Using your code editor

A quick overview of how to use the Atom code editor—though many of these techniques apply to Sublime Text and many others.

  1. Video or tutorial

    You can watch the video(s) or follow along with the written tutorial—or both—they convey exactly the same information.

1 Opening projects

The best way to open code in Atom is to drag a whole folder from finder right to the Atom icon in your dock.

The best part about this is that all the files within the folder will then be listed on the right hand side for easy access.

Opening multiple projects

Same idea applies here: drag the folder to the dock icon. This will open a completely new Atom window which is significantly help you keep all the code files organized.

  1. Shortcut

    If you don’t have Atom in your dock, put it there right now—you’ll be needing it a lot.

  2. Shortcut

    Use ⌘` to switch between multiple project windows in Atom.

2 Previewing & opening files

Single clicking on a file within the Atom sidebar will preview that document in the Atom window.

You can tell it’s being previewed because a tab doesn’t get created or the name on the tab doesn’t change.

Double clicking on a files will open that document into a new tab in Atom that you can then edit.

Using only the keyboard

Atom has a super useful keyboard shortcut: ⌘P—it will pop open a little dialog listing all the files in the current project. Start typing to search through the files and hit enter when you’ve highlighted the one you want.

Just start typing to select the file you want.

You don’t even have to type all the letters—it will “fuzzy match” the name and find the one that’s closest to what you want.

  1. Shortcut

    Pressing ⌘P—then you can search through all the files and open one without taking your hands off the keyboard.

3 Making a new file

In Atom, since we installed a package, there’s a shortcut key that will make a new file and save it directly into the folder we have open.

  1. Press ⌘⌥O to trigger a new dialog.
  2. Type the name of the file, including the extension.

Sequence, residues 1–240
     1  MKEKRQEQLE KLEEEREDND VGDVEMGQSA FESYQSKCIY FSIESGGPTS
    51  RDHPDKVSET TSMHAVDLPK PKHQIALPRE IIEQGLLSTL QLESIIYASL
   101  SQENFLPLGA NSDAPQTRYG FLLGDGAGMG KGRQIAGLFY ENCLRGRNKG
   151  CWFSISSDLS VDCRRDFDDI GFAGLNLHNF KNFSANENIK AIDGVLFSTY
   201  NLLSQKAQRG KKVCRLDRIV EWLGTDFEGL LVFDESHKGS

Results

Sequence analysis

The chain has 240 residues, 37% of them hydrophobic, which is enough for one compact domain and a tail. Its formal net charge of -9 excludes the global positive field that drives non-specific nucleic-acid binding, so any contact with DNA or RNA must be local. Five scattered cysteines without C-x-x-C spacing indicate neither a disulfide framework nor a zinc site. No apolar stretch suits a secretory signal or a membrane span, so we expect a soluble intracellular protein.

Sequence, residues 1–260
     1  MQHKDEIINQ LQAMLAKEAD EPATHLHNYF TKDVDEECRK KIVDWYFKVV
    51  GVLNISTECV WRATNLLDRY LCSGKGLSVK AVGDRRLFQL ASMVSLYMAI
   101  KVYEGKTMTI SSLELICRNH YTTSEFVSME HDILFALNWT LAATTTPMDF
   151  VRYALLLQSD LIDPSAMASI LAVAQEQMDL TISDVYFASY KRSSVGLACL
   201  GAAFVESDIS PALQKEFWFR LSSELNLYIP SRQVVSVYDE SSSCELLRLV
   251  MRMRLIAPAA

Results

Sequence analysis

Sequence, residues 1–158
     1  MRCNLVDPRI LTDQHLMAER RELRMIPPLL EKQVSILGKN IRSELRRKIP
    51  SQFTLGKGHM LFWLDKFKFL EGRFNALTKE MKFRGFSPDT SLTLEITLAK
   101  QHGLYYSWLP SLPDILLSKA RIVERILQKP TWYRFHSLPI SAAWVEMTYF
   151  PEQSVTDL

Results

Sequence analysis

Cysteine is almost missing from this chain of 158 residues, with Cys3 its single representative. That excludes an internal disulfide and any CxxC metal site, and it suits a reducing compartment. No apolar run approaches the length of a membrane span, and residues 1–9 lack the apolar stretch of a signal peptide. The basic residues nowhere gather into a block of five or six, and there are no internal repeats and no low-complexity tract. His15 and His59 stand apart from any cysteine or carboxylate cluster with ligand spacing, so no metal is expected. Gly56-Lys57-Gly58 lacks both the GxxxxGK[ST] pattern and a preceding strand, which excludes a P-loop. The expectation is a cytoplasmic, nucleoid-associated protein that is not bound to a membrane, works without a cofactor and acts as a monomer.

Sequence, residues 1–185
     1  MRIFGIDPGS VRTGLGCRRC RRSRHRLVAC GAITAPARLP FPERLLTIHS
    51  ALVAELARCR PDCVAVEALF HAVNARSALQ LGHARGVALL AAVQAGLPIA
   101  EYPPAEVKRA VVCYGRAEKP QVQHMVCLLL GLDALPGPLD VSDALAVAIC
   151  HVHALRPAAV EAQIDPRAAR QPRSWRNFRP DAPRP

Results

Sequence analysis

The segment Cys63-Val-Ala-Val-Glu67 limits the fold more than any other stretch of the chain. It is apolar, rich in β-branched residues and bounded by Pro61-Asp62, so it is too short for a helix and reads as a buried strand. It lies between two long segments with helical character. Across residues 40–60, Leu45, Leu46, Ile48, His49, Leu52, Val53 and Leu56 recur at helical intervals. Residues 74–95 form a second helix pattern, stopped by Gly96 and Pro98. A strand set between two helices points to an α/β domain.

3. Hit Return—the file is saved into the folder you opened.

4 Navigating between tabs

Using a mouse is slow and cumbersome—that’s why keyboard shortcuts are amazing.

To navigate between tabs you can use the key and numbers:

Keys Explanation


Will go to the first tab.


Will go to the second tab.


Will go to the third tab.


Or you can use ⌘⇧[ and ⌘⇧] to go backwards and forwards through the tabs.

5 Navigating code

Navigating code in Atom is the same as any text field in MacOS—all the same shortcuts apply.

It’s a really good idea to get a handle on these shortcuts because they will greatly increase your efficiency.

Keys Explanation


Copy the selected text.


Cut the selected text.


Paste the previously copied item.


Undo the recent change.


Redo the recent undo.


Find within this file.


Find next matching item.


Find previous matching item.


Move to the end of the line.


Move to the start of the line.


Move to the next word.


Move to the previous word.


Move to the top of the file.


Move to the bottom of the file.

Shift Arrows

  • Highlight text.
  • Can be combined with &

Manipulating multiple lines of code

By pressing the key and clicking on multiple lines you can change code on many lines at once.

The great thing is that all the keyboard shortcuts you use for one line will now apply to all of those lines too!

6 Other important keyboard shortcuts

Here are a few other important keyboard shortcuts you should remember to help you get more efficient:

Keys Explanation


Open the command palette to search everything the code editor can do.


Toggle comments on/off for code, knowing the correct language.

⌘], Tab

Indent a line of code or multiple lines of code.

⌘[, Shift Tab

Outdent a line of code or multiple lines of code.


Find and replace within this file.


Find and replace within this folder.


Filter & find by keyword in this file.


Move a line up.


Move a line down.


Join the line below with this line.


Duplicate this line.


Delete this line.